At the 1979 general election Labour supported remaining in the EEC (as it had become). However, after their defeat and with Michael Foot becoming leader, Labour turned decisively against the EEC. As a slight aside, the European policy was one of the issues over which the party split with those who left creating the SDP including David Owen who is now, ironically, strongly backing Leave.
The 1983 Labour manifesto stated: “We will also open immediate negotiations with our EEC partners, and introduce the necessary legislation, to prepare for Britain’s withdrawal from the EEC, to be completed well within the lifetime of the Labour government.”
Kinnock’s leadership after the defeat of 1983 resulted in the jettisoning of many of the policies of the early 1980s. The 1987 manifesto had returned to supporting membership of the EEC but it was far from uncritical and there are only three mentions of the EEC in the whole document.
By both 1992 again under Kinnock and especially 1997 with Blair, Labour had moved to a very pro Europe stance. The exact cause for those changes is complex. It must be remembered that the win for what we would now call Remain was very large in 1975 and the desire to leave Europe was seen as one of the unpopular policies which helped consign Labour to the wilderness for almost two decades.
Kinnock himself switched from supporting Leave in 1975 to being a major supporter of the EU (he explains his change in views here) and indeed a European Commissioner whilst his wife became an MEP.
Some of the shift in Labour’s position was pragmatic as mentioned above but some also probably stemmed from the fact that the increasing amounts of social legislation from Europe was seen as one of the only possible ways for the left to support workers rights during the long years of Tory rule. There is also the suspicion that some of increasing Europhilia of Labour was in response to the Tories increasing Euroscepticism and some straightforward schadenfreude at seeing the Tories increasingly from the end of the 1980s tear themselves apart over Europe.
The more recent Labour support for Europe has always been tempered by some prominent Eurosceptic Labour MPs. In the early 1980s Tony Benn and Peter Shore from quite different ends of the party on other issues both opposed Europe. More recently Frank Field has been a long term Eurosceptic along with Kate Hoey and Gisela Stuart who has gone on the opposite journey to Kinnock and moved from pro to anti EU (just like David Owen mentioned above).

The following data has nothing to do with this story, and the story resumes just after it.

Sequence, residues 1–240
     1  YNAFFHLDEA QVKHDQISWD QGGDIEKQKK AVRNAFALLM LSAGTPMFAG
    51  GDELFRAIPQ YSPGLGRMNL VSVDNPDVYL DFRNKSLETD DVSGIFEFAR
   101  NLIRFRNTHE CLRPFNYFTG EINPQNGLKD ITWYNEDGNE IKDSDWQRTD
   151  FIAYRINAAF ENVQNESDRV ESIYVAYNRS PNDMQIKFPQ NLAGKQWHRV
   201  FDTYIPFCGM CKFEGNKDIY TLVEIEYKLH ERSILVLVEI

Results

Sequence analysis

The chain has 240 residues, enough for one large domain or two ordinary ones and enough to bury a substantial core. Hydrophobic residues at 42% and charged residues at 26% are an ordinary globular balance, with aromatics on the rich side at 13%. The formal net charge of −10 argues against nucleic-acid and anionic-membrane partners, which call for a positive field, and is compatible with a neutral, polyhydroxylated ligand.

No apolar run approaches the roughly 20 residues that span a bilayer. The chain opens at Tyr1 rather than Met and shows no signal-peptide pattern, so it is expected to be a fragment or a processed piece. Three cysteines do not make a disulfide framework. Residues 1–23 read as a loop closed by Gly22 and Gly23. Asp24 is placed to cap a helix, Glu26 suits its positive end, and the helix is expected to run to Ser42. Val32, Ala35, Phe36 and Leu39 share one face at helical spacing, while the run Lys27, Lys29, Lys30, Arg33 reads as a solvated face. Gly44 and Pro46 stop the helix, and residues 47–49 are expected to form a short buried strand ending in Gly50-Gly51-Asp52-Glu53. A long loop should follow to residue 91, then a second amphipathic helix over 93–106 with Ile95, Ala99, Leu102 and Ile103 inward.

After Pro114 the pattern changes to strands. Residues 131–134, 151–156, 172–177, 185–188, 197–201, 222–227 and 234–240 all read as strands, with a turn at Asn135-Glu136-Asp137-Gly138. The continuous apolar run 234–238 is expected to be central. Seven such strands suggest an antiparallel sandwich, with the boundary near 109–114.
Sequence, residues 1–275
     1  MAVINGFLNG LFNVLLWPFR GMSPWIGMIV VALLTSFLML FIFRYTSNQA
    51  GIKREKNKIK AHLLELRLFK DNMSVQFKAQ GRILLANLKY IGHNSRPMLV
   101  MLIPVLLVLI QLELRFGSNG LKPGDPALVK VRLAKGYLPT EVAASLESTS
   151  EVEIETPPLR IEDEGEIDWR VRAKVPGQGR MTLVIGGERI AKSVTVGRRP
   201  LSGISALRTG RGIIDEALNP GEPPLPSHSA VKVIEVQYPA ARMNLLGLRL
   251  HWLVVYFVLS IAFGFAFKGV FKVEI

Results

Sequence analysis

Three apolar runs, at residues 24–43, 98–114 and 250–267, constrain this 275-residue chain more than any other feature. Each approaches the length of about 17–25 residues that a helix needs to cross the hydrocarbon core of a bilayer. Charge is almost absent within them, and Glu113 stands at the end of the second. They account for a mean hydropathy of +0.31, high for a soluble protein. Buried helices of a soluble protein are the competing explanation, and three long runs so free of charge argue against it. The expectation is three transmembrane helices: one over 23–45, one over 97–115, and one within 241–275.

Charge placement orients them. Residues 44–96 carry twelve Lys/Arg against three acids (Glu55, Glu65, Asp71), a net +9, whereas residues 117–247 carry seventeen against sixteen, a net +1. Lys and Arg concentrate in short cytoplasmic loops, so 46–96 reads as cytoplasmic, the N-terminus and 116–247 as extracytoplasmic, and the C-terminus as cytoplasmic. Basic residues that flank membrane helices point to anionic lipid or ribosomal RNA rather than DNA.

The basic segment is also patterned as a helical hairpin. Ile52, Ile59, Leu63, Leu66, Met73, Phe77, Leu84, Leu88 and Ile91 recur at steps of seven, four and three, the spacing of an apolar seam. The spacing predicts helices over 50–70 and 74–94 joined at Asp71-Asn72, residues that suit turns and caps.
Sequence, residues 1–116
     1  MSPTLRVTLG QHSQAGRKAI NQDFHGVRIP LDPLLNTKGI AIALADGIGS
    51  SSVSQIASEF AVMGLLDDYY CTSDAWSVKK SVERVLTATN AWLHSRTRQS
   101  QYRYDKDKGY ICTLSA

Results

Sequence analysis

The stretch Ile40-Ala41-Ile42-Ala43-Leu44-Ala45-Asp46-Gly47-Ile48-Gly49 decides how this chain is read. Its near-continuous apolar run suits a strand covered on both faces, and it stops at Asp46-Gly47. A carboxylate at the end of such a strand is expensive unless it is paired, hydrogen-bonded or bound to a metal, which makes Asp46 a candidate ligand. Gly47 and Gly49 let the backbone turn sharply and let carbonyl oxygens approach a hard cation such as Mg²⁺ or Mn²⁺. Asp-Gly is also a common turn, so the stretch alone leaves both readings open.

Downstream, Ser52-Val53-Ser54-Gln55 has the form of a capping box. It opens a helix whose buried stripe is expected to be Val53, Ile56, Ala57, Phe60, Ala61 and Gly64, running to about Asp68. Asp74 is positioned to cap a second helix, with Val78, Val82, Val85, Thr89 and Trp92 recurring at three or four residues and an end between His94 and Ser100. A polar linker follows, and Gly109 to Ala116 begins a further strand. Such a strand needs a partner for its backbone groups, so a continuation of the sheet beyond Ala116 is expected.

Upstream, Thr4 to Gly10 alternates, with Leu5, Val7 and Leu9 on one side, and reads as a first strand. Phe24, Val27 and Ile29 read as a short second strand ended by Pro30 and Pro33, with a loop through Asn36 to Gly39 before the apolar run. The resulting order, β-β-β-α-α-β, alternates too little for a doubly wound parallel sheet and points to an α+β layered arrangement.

Much current Labour support for Europe is based on workers rights. Kilsally has a useful corrective to that below but in brief, many will remember that the early workers rights legislation of the 1970s was brought into the UK by Labour long before such legislation was introduced in the rest of Europe. The 1970s Labour Leave campaigners regarded Europe as a rich man’s club which favoured the bosses not the workers. Although Europe has since developed considerable amounts of social legislation things like the Social Chapter had to be brought in by Labour governments after they had been blocked from introduction by the Tories. To a large extent one suspects the support for European social legislation by Labour is mainly a hope it could be a brake on any attempt to row back on such legislation by the Conservatives. Against that the raft of European legislation has not protected German workers from significant erosion of their employment rights positions in the early 2000s. Furthemore the social chapter etc. has not helped the youth (or the rest) of southern Europe especially Greece with Europe demanding massive cuts in social welfare payments.
As such although many may feel that Labour is a naturally pro Europe party that is simply to take a short term analysis. In the longer term there are major historical precedents for Labour leave and for considerable Euroscepticism especially from older traditional Labour supporters. This may sometimes be rage about immigration, elites etc. but may also be that older Labour supporters (and some younger ones) have a better understanding and memory of the positions of their party over the years than some current journalists or indeed some Labour MPs.
This author has not written a biography and will not be writing one.